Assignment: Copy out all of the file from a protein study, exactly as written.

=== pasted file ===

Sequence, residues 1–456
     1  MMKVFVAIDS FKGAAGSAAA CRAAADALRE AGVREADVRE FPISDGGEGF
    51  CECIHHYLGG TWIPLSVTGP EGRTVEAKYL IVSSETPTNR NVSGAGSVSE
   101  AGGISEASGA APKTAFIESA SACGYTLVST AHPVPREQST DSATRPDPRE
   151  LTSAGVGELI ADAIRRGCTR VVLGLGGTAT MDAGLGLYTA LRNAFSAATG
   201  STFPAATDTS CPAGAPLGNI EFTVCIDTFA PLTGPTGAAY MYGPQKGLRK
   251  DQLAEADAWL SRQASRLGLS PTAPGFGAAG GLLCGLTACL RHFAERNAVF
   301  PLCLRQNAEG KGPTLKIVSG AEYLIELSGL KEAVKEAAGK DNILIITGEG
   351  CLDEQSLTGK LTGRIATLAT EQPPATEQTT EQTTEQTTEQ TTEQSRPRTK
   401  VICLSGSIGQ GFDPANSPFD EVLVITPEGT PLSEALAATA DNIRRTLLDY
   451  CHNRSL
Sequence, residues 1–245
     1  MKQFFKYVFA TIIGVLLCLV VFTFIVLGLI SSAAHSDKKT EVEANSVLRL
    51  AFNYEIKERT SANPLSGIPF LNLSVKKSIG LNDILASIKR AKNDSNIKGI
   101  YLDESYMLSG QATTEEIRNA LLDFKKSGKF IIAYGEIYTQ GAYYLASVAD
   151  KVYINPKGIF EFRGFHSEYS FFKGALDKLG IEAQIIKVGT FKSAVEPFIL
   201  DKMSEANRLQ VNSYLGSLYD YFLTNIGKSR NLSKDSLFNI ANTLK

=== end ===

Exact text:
Sequence, residues 1–456
     1  MMKVFVAIDS FKGAAGSAAA CRAAADALRE AGVREADVRE FPISDGGEGF
    51  CECIHHYLGG TWIPLSVTGP EGRTVEAKYL IVSSETPTNR NVSGAGSVSE
   101  AGGISEASGA APKTAFIESA SACGYTLVST AHPVPREQST DSATRPDPRE
   151  LTSAGVGELI ADAIRRGCTR VVLGLGGTAT MDAGLGLYTA LRNAFSAATG
   201  STFPAATDTS CPAGAPLGNI EFTVCIDTFA PLTGPTGAAY MYGPQKGLRK
   251  DQLAEADAWL SRQASRLGLS PTAPGFGAAG GLLCGLTACL RHFAERNAVF
   301  PLCLRQNAEG KGPTLKIVSG AEYLIELSGL KEAVKEAAGK DNILIITGEG
   351  CLDEQSLTGK LTGRIATLAT EQPPATEQTT EQTTEQTTEQ TTEQSRPRTK
   401  VICLSGSIGQ GFDPANSPFD EVLVITPEGT PLSEALAATA DNIRRTLLDY
   451  CHNRSL
Sequence, residues 1–245
     1  MKQFFKYVFA TIIGVLLCLV VFTFIVLGLI SSAAHSDKKT EVEANSVLRL
    51  AFNYEIKERT SANPLSGIPF LNLSVKKSIG LNDILASIKR AKNDSNIKGI
   101  YLDESYMLSG QATTEEIRNA LLDFKKSGKF IIAYGEIYTQ GAYYLASVAD
   151  KVYINPKGIF EFRGFHSEYS FFKGALDKLG IEAQIIKVGT FKSAVEPFIL
   201  DKMSEANRLQ VNSYLGSLYD YFLTNIGKSR NLSKDSLFNI ANTLK